Minerals That Really Mattter
|It seems that vitamin and mineral recommendations are always changing so here are the latest dietary recommendations for four very important minerals:
In the dietary batle against high blood pressure, sodium restriction gets the glory but potassium is the real unsung hero. It helps rid the body of sodium and protects cells that line the blood-vessle walls. In addition to blunting the effects of sodium, a potassium rich diet is also associated with a reduced risk of bone loss, kidney stones, strokes and type 2 diabetes.
Unfortunately, nearly all Americans consume too much sodium and far to little potassium. A September 2010 study suggests what might happen if people corrected the sodium-potassium ratio. It found that even if sodium consumption stayed high, increasing potassium to the recommended levels (4,700 milligrams a day) could reduce the risk of heart disease mortality by up to 11% and stroke mortality by up to 15%.
So is it enough to simply take potassium supplements or use salt substitutes made with the mineral? Probably not since those are different forms of potassium and will likely not provide the same benefit as the form found naturally in foods.
Too much potassium is not a problem for most people, but certain medical conditions and drugs can interfere with the body’s ability to get rid of the excess. You should talk with your doctor before increasing your potassium intake, even from food, if you have a disorder that causes potassium retention, such as diabetes, heart failure, or kidney disease. Additionally, seek your doctor’s opinion if you take ACE inhibitors, such as lisinopril (Prinivil and generic) and ramipril (Altace and generic); angiotensin receptor blockers (ARBs), such as valsartan (Diovan); and potassium-sparing diuretics, such as spironolactone (Aldactone and generic).
Dietary Sources of Potassium
Magnesium together with potassium, helps to bolster bone by improving calcium absorption. Magnesium also protects against abnormal heart rhythems, blood clots, and high glucose levels.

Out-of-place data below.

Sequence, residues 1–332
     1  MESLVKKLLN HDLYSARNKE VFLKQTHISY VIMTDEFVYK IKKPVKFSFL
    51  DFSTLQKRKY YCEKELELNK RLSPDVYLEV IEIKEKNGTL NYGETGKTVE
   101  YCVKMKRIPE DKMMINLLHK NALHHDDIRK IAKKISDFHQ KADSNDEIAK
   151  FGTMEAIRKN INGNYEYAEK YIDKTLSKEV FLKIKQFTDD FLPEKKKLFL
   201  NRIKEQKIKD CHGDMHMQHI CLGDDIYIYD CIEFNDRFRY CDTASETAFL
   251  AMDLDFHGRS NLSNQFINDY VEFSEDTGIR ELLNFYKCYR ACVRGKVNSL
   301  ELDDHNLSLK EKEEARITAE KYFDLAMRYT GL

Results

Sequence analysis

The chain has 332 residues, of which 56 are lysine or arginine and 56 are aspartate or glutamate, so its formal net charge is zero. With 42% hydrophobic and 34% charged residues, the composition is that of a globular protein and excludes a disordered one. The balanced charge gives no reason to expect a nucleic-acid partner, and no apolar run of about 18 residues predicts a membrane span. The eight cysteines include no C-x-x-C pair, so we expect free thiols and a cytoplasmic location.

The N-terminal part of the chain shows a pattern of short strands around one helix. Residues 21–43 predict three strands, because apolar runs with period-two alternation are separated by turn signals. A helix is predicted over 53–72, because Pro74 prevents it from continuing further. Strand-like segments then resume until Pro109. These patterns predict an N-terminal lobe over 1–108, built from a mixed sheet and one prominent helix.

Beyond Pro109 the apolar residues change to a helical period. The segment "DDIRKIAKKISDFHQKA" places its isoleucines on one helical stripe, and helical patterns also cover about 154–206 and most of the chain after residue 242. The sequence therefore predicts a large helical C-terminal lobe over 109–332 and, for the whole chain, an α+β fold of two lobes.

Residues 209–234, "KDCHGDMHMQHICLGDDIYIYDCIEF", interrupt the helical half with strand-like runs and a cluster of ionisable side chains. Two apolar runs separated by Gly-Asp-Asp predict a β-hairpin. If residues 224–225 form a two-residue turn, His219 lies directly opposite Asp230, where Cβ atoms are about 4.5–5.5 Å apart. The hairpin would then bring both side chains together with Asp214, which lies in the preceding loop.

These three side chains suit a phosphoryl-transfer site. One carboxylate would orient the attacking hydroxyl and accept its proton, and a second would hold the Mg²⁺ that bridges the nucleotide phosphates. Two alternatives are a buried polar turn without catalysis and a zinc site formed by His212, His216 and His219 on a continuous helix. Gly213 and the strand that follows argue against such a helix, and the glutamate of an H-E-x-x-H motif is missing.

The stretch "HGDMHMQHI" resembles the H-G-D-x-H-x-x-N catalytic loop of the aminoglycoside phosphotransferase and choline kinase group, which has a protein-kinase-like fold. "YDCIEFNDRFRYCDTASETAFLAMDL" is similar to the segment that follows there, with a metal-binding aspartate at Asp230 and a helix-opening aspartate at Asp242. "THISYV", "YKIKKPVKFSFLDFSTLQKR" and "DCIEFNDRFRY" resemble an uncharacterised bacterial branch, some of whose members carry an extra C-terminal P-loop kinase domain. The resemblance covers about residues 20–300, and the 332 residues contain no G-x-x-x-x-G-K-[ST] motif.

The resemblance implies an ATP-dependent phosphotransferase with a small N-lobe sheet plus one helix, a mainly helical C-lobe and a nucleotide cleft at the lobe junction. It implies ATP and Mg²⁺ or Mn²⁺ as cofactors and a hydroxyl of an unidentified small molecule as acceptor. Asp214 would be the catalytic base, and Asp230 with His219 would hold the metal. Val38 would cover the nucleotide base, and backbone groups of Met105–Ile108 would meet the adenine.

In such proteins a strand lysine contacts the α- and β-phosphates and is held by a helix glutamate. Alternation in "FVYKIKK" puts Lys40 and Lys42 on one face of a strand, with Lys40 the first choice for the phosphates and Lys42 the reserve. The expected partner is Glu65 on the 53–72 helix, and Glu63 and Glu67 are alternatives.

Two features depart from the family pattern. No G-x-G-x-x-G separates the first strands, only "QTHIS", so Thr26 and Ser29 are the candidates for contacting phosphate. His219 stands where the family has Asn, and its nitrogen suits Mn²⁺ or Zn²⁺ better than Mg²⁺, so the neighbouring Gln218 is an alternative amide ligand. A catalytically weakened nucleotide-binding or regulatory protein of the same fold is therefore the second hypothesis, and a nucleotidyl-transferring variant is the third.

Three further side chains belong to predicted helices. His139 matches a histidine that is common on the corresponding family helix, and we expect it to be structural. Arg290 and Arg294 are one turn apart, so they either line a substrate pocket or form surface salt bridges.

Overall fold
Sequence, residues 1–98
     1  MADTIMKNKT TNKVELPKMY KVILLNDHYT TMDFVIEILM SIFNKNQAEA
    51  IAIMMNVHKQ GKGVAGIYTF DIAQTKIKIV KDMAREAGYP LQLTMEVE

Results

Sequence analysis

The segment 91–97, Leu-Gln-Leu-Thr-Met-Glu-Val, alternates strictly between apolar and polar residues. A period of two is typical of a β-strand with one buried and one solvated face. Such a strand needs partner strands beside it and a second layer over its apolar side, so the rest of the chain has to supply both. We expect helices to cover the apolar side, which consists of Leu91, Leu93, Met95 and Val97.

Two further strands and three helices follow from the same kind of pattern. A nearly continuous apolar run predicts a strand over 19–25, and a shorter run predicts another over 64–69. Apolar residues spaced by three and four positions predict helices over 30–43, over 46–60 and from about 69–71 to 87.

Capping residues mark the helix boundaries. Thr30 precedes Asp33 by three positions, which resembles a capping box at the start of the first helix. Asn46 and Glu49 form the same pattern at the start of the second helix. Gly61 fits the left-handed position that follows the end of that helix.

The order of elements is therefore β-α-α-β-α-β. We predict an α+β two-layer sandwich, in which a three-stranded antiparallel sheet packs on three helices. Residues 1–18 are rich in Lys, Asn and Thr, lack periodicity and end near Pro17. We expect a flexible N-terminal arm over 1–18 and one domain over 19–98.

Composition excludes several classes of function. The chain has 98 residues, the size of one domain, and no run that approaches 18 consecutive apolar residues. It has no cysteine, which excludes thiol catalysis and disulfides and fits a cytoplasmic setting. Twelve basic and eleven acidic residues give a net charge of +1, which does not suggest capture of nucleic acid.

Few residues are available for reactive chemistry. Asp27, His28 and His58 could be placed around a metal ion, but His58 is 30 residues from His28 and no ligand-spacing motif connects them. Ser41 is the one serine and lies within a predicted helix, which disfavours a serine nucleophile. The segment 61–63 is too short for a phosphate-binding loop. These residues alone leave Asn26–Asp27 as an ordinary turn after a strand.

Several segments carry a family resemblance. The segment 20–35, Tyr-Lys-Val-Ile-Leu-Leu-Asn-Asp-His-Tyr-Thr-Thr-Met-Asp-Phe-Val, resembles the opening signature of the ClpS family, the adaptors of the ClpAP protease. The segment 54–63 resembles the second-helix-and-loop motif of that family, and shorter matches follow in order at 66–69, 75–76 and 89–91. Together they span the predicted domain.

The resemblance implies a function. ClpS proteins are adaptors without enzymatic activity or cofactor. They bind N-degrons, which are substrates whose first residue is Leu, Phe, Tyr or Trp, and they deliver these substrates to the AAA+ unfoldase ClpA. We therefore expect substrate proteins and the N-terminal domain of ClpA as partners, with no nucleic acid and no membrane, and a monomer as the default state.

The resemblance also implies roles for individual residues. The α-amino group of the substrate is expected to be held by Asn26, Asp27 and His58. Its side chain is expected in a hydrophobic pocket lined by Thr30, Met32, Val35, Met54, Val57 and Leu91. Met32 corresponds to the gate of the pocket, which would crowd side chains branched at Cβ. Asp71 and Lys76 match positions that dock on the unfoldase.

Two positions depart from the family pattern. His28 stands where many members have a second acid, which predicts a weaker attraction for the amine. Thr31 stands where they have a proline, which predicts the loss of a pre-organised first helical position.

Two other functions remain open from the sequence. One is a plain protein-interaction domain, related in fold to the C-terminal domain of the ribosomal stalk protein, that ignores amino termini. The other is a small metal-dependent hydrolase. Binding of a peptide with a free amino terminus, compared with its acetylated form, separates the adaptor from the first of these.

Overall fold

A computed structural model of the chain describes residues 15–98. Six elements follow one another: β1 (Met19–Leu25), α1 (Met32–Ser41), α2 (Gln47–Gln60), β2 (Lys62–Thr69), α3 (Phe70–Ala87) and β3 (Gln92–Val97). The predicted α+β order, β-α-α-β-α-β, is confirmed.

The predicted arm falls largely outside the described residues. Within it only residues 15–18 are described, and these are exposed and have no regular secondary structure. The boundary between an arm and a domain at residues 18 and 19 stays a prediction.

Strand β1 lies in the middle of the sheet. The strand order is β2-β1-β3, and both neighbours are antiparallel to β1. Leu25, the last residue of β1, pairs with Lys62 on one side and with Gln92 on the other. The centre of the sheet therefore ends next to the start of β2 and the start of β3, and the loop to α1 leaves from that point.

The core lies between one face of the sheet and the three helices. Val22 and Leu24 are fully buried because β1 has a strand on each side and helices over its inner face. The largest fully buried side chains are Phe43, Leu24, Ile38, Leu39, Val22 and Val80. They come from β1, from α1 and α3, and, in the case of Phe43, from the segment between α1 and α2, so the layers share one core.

Magnesium might be especially important for warding off or controlling type 2 diabetes. Several large studies have found that people who consume the most magnesium are less likely to develop type 2 diabetes or a contributing factor for it called insulin resistance.
People who already have the disease should talk to their doctor about supplemental magnesium, since evidence suggests that they might get help with long-term blood sugar control.
Dietary Sources of Magnesium
About 60% of men and 80% of women don’t get enough calcium from their diets. For years, the advice has been to make up the shortfall with supplements, but new research provides an argument for getting more from food.
The analysis, published online in August 2010 by the British Medical Journal, combined the results of 11 trials involving some 12,000 older people. Researchers concluded that treating 1,000 people with supplemental calcium for five years would prevent 26 fractures but would also lead to an additional 14 heart attacks, 10 strokes and 13 deaths. The analysis however did not look at studies that combined calcium with vitamin D, and evidence suggests that the combination more effectively prevents fractures. In addition, consuming healthy amounts of calcium, especially from food, might protect health in other ways, such as lowering blood pressure, helping to prevent breast and colon cancer, and easing premenstrual syndrome.
Altogether, the research provides an argument for getting most of your calcium from dietary sources. Aim for a least three daily servings of dairy or calcium-rich foods. If you do opt for a calcium pill, consider one that also contains vitamin D. Look for products with the “USP verified” seal on the label, which indicates that they meet quality standards set by the nonprofit U.S. Pharmacopoeia.
Dietary Sources of Calcium
For lowering blood pressure, the most striking effect comes from cutting sodium from your diet while boosting the intake of potassium, magnesium and calcium. People who slash sodium intake to around 1500mg daily can drop their blod pressure by as much as 11 millimeters of mercury.(Blood pressure is measured in millimeters of mercury for both diastolic and systolic pressure).
Watching your sodium intake has other benefits too. Some studies have linked sodium to worsened asthma and an increased risk of stomach cancer; and, because sodium increases the excretion of calcium in urine, it could cause bone loss and kidney stones.
Because most sodium comes from processed, packaged, and restaurant foods, it’s hard to cut back to 1500 mg without cooking from scratch most of the time and eating more fresh foods. For people with normal blood pressure and no risk factors, a more modest goal of 2300mg daily might help the upward creep of blood pressure that tends to occur with age.
Making the extra effort to cut back even further is warranted if you’re African-American or have a family history of high blood pressure, or if your blood pressure is high or high-normal.
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